Alan Fletcher – The Point
After an EP in 2022, the man who is still Dr Karl Kennedy in Neighbours puts out a full-length album this February. He’ll return to the UK to promote it while also celebrating the now uncancelled show at the Palladium. As part of the jaunt supporting Lachlan Bryan, who produced The Point, he’ll play smaller venues like The Bedford in Balham and the pokey Bannerman’s on the perpetually sozzled Cowgate in Edinburgh.
The John Prine song Fish and Whistle is the only song from the EP to make it onto the album, which opens with the title track, a gorgeous, Prine-style contemplation of life and love. This suits Alan’s timbre, which sits comfortably in the tenor range.
Hey You is the single or, in modern parlance, the focus track. Alan sings of his best friend, or perhaps a dog, who is ‘watching down on me’. The lovely arrangement, including a smooth acoustic guitar solo, complements the lyric, as does the one on Leaving, with its ultimatum ‘one of us must go’ making it a sad, very country song.
Many of the tracks are similarly meditative. All That I Could Do To Set Her Free is a break-up track where Alan’s narrator seeks our sympathy: ‘Never made a bed but I’ve lied in a few!’ is a good line. Lost and Found (‘the item of concern is a memory’) is addressed to the department of that song’s title, while Quiet Time is a waltz which paints a tableau of a distant couple drinking wine and staring into the future.
The toe-tappier tunes include How Good Is Bed, which begins with the lick from Satisfaction by the Rolling Stones before the chorus kicks into a shuffle to underscore how ‘sleep is the most underrated therapy’. Somebody, which features terrific vocals from Alan’s wife Jennifer Hansen (I think I can guess her motivation!) is one of those bickering duets that Paul Heaton writes for him and Jacqui Abbott: ‘Somebody left the door unlocked!’ ‘Well somebody was in a rush!’
Jack is a song about Alan’s grandfather, who fought in World War II then apparently became a ‘drifter’ and a ‘pioneer’. Closing track Dance Through Time (‘I will sing your praises to the end of days’) finishes with Alan offering a lady a chance with him. He’s a doctor after all, and he has put together an impressive collection which should be heard beyond the soap’s fanbase. Maybe Dr Karl will sing some of Alan’s tunes on the next series of the show.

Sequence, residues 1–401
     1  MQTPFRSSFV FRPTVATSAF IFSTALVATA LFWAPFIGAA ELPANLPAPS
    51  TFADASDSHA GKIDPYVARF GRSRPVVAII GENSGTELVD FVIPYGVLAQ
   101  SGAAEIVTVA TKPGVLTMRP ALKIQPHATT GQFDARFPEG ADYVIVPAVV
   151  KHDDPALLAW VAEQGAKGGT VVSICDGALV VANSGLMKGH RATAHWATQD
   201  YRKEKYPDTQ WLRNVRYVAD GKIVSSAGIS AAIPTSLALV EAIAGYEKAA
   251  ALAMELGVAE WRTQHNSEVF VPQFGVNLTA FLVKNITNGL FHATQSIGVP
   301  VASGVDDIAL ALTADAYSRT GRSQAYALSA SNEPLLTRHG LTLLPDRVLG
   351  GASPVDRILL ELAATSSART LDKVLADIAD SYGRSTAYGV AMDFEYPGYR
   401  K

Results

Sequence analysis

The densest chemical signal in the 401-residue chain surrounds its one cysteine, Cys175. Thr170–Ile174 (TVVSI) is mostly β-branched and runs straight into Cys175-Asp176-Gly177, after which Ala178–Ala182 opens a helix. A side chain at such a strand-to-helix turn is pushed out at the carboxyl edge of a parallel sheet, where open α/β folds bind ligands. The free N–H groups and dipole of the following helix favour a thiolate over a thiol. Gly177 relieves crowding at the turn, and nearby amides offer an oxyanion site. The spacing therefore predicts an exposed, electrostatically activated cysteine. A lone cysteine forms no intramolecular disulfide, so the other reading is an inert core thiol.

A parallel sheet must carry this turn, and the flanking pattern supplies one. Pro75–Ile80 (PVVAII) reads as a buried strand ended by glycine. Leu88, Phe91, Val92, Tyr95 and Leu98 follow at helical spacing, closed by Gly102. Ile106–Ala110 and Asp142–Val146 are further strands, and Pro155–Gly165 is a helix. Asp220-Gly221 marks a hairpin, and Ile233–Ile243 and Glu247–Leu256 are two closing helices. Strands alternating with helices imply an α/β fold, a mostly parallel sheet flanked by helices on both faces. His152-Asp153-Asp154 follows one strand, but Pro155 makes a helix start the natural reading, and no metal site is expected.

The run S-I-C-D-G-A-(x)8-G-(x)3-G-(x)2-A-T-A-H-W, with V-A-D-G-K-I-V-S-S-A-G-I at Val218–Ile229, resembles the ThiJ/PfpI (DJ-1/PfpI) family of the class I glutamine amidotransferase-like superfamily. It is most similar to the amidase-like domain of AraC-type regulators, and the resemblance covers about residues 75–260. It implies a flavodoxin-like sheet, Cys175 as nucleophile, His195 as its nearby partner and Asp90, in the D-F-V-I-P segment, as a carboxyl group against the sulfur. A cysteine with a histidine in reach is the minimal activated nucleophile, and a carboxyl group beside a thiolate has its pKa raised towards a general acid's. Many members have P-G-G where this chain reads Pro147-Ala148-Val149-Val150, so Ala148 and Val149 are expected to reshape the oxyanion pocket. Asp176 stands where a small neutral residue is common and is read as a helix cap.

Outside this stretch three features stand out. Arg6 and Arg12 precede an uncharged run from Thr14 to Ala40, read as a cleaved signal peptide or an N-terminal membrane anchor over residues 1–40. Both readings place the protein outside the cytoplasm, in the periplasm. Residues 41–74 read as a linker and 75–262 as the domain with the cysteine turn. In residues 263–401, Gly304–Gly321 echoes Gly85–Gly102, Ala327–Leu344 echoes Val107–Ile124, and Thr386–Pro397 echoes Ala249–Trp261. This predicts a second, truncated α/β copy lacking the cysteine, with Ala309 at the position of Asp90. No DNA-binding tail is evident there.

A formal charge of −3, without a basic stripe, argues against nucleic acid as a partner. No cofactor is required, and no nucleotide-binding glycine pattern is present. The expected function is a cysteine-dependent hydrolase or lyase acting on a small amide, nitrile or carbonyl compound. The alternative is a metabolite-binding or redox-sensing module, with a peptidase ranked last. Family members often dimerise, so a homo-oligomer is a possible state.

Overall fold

JD Clayton – Long Way From Home
The influence of The Band and Gram Parsons is strong on this album of country-rock which will please fans of Dawes, my favourite band. There’s not much to say about the album except it’s expertly sung, sumptuously arranged and pleasingly varied.
Goldmine is a delightful love song and I can see why it was chosen as the big single from the album. American Millionaire ambles along nicely, while Beauty Queen has the type of roots-rock band arrangement that sounded great half a century ago and still does today. Midnight Special, based on a Lead Belly tune, is faithful to the bluesy Creedence Clearwater Revival cover, while Different Kind of Simple Life is driven by an acoustic guitar with a marvellous, faded-out pedal steel solo to complement the philosophical lyric.
Heartaches After Heartbreak is a chugger where JD reaches the top of his natural range over some major chords. Cotton Candy Clouds is equally joyous and infectious, especially the moment a minute from the end when JD hollers to bring in the long meandering outro.
The title track is one of those ‘letters To mama’ songs that really are popular with country musicians, and there’s a lot of melancholy in the lyric. JD, who was writing from the ‘ten-year town’ of Nashville, returns to Music City on Sleepy Night in Nashville to close out the album. The multipart harmonies from the band, the mandolin tremolos and the twang in JD’s voice all recall the glory days of those groups who reinvented American rock by giving it a folky tinge.
This, like Western Swing and Dixieland Jazz, is one of the legendary types of musical arrangement that America has given its people.